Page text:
dairy cows are moving closer together as cows and milk production have shifted north and west, farther away from cities, and are converging into in what University of Wisconsin economist Mark Stephenson calls "cow islands."
"Cow islands are areas where we've seen dairy retreating to or concentrating," explained Stephenson, director of the University of Wisconsin-Madison Center for Dairy Profitability, who is preparing a report on the shifting demographics of the dairy business.
Part of that concentration results from cows moving away from an entire region of the country, Stephenson said. "We've had a major exodus throughout the southeastern quadrant of the U.S. The Southeast has just had a big loss of cattle and dairy farms," he said.
That is because producers are establishing or expanding dairies in areas that are more suited to intensive milk production. The Southeast is hot and humid, Stephenson pointed out, and high-producing cows don't do well in that environment. Instead, cows are moving to where the climate is more temperate, where producers can get better payback from advances in cow genetics and dairy management practices.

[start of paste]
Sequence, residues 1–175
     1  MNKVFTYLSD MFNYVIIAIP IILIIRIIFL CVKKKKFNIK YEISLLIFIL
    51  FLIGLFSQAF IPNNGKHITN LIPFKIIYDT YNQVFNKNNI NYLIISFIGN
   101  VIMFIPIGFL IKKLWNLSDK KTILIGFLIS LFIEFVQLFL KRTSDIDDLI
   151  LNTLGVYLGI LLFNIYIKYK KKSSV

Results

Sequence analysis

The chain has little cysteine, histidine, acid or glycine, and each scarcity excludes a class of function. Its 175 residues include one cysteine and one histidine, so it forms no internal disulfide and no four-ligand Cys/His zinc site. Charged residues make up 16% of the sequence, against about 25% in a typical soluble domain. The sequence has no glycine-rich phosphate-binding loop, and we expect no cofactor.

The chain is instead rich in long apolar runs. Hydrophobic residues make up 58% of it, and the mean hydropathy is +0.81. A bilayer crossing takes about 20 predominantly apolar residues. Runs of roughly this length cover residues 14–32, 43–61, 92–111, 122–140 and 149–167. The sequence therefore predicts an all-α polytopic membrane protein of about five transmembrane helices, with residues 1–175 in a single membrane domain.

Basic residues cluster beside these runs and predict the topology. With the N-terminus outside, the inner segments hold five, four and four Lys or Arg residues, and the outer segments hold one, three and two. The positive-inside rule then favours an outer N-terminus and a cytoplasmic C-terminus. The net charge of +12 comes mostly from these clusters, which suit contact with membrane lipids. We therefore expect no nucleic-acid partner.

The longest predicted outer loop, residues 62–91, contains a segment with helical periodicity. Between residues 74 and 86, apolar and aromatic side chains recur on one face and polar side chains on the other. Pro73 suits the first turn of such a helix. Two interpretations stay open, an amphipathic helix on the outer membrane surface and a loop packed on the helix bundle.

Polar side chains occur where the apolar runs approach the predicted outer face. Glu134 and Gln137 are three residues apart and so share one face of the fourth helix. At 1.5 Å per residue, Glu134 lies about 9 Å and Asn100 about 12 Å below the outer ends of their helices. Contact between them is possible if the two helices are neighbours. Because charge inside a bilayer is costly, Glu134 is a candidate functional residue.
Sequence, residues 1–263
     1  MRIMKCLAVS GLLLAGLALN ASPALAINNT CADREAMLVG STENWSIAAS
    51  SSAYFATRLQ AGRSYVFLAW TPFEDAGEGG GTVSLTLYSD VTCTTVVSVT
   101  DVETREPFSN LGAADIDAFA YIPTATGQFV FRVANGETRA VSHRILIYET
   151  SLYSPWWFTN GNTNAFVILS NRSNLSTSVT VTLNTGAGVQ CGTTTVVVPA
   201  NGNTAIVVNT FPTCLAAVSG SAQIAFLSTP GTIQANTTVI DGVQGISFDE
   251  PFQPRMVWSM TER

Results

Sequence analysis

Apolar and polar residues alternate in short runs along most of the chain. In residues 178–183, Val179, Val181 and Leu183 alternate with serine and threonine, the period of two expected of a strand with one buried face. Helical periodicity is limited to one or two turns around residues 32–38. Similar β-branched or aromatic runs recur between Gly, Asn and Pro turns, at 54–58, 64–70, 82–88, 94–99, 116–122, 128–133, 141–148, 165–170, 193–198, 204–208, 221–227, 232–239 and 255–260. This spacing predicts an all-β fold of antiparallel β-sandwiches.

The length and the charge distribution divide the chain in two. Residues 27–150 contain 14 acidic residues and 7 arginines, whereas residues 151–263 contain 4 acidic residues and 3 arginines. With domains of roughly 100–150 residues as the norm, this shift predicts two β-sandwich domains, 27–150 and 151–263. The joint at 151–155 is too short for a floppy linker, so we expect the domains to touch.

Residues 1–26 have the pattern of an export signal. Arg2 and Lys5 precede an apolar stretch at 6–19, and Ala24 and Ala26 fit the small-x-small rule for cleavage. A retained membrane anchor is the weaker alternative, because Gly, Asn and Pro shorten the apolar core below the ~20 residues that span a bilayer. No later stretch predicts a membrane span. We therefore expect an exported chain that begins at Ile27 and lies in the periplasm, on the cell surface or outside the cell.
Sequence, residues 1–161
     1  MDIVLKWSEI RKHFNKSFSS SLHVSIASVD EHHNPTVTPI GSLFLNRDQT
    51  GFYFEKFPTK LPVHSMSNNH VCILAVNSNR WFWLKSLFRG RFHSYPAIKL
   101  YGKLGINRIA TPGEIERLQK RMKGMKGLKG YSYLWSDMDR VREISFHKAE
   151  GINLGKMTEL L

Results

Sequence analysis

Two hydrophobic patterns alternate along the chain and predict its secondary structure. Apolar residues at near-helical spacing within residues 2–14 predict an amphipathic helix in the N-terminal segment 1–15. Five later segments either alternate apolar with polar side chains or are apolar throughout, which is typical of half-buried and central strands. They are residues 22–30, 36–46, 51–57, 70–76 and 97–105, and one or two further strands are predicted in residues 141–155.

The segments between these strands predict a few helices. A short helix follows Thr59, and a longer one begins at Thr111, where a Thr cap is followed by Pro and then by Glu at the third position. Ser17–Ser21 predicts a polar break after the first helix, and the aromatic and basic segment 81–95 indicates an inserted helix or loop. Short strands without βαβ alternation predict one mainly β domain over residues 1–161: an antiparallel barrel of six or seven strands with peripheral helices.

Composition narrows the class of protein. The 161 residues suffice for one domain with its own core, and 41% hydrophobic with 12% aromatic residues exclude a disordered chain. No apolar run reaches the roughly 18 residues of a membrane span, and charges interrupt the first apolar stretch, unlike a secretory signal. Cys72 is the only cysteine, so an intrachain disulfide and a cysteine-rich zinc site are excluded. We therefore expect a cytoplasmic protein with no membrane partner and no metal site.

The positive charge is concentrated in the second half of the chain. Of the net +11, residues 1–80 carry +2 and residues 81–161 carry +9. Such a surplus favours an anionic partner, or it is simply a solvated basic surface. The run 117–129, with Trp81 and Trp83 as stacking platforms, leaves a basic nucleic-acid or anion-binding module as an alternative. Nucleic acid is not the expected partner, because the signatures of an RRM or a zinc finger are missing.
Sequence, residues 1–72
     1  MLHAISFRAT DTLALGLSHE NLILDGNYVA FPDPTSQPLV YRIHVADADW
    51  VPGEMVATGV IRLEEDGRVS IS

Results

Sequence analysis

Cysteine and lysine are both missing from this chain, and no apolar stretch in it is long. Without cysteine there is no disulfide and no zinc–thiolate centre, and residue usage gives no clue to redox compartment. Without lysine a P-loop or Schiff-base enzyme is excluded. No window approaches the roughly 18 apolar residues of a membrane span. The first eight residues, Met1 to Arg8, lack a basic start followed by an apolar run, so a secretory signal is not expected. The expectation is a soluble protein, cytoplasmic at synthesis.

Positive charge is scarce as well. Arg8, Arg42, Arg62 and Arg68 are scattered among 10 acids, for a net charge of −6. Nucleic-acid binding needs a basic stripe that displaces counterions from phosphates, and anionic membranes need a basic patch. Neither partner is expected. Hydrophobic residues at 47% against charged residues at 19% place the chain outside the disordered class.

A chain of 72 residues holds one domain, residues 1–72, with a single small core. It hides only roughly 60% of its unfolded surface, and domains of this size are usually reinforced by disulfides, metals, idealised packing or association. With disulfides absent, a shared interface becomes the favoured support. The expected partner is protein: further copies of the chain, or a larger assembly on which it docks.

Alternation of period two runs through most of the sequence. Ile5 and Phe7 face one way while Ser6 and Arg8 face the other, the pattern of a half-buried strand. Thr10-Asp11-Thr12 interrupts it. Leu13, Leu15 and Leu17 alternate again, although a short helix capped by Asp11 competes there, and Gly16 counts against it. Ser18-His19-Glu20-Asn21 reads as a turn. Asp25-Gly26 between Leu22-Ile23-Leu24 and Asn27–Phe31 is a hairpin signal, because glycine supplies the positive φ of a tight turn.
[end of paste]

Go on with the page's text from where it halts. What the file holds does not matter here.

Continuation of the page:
"Several regions of the country — California and Idaho, for example — have had pretty spectacular growth, but so, too, have Wisconsin and western New York," Stephenson said.
Owners of large dairy processing facilities are also driving the change.